A reader asked whether Hurricane Michael has been declared a Cat. 5 storm. Through our Bay Asked, We Answered series, we took a look.
Editor's note: This story was updated on Feb. 11 to reflect the fact that a Category 5 designation does not automatically mean more federal money.
PANAMA CITY — An official federal report on whether to re-label Hurricane Michael a Category 5 storm could be unveiled by April.
Ever since the storm, whether or not the Category 4 storm would be "upgraded" to a Category 5 by the National Oceanic and Atmospheric Administration's National Hurricane Center has been a common point of conversation in impacted areas, prompting a reader to ask “Do you know if NOAA has declared Hurricane Michael a category 5 or not?” through the Bay Asked, We Answered platform.
Not yet, but it's still a possibility. The Hurricane Center is still working on the Tropical Cyclone Report, which will look at storm size, maximum sustained wind speed and other information. The report was originally expected in February or March, but is now not expected until April.
"The change in the time-frame is a direct result of the 35-day U.S. government shutdown," said Dennis Feltgen, a Communications and Public Affairs Officer and Meteorologist with the NOAA Communications and External Affairs and National Hurricane Center.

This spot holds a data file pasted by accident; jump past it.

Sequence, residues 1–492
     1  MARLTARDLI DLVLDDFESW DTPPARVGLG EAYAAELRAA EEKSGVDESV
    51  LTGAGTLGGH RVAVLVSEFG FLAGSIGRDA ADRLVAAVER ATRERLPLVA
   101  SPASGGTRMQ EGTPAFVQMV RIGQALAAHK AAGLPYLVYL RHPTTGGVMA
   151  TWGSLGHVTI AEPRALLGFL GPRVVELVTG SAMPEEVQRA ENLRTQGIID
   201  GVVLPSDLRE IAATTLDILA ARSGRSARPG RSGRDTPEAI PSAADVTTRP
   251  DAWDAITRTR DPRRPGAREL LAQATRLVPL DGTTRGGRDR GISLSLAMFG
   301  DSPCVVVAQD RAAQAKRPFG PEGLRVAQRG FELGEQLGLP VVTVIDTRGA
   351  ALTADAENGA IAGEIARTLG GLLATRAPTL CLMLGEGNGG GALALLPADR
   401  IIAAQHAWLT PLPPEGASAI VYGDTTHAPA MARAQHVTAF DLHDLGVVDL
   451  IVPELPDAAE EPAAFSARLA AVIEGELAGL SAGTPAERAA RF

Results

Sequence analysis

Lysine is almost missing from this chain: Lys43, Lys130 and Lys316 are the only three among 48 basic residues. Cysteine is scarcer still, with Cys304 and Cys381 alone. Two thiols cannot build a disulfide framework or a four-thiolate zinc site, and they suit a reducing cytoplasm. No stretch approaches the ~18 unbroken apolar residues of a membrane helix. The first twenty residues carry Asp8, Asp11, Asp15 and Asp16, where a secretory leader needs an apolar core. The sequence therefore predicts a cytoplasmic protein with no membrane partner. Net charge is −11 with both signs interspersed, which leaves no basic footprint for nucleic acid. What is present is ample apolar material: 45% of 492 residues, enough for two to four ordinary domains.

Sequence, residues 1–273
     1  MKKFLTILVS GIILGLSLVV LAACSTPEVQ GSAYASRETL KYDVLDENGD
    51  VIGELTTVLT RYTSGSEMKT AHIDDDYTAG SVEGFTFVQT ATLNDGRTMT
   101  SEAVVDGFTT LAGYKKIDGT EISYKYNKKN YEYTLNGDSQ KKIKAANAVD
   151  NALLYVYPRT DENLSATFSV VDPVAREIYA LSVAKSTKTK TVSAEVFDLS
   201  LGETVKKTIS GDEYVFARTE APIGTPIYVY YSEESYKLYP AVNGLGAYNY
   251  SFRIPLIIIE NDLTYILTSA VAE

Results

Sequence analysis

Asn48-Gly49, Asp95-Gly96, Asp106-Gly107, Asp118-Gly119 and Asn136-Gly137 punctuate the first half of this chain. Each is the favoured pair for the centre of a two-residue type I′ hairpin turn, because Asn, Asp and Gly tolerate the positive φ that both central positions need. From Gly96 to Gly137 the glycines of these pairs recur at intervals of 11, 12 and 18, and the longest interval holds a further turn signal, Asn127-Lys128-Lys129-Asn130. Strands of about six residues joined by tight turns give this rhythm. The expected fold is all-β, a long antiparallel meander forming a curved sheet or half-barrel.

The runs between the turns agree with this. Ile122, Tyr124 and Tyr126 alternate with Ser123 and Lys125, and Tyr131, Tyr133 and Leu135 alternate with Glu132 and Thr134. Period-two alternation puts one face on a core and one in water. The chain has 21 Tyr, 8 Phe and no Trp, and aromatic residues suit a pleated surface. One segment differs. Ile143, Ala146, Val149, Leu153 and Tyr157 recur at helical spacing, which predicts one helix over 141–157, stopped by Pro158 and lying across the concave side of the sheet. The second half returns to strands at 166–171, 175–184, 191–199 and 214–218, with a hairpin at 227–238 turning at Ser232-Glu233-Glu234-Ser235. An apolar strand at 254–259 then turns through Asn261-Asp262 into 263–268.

For now, the storm — which had wind speeds of 155 mph, just two ticks below the 157 mph speed that would have it a Cat 5 by the Saffir-Simpson Hurricane Wind Scale — is "operationally" a Category 4.
“In the weeks since Hurricane Michael, NOAA's National Hurricane Center (NHC) has been gathering wind, rainfall and storm surge data from those areas that were affected by the hurricane,” Feltgen wrote in an email. “This information is an important component of NHC's Tropical Cyclone Report, which will contain comprehensive information including storm history, meteorological statistics (including maximum sustained wind speed and wind gusts), damage estimates, storm surge levels and the post-analysis best track (six-hourly positions, intensities, and storm size)."
Feltgen did not address if Hurricane Michael is anticipated to be labeled a category 5, but did say "it is not unusual in a post-storm analysis for a tropical cyclone maximum wind speed to be changed up or down, as more data is available."
Many locals and elected officials have called for the storm to be upgraded over the past few months.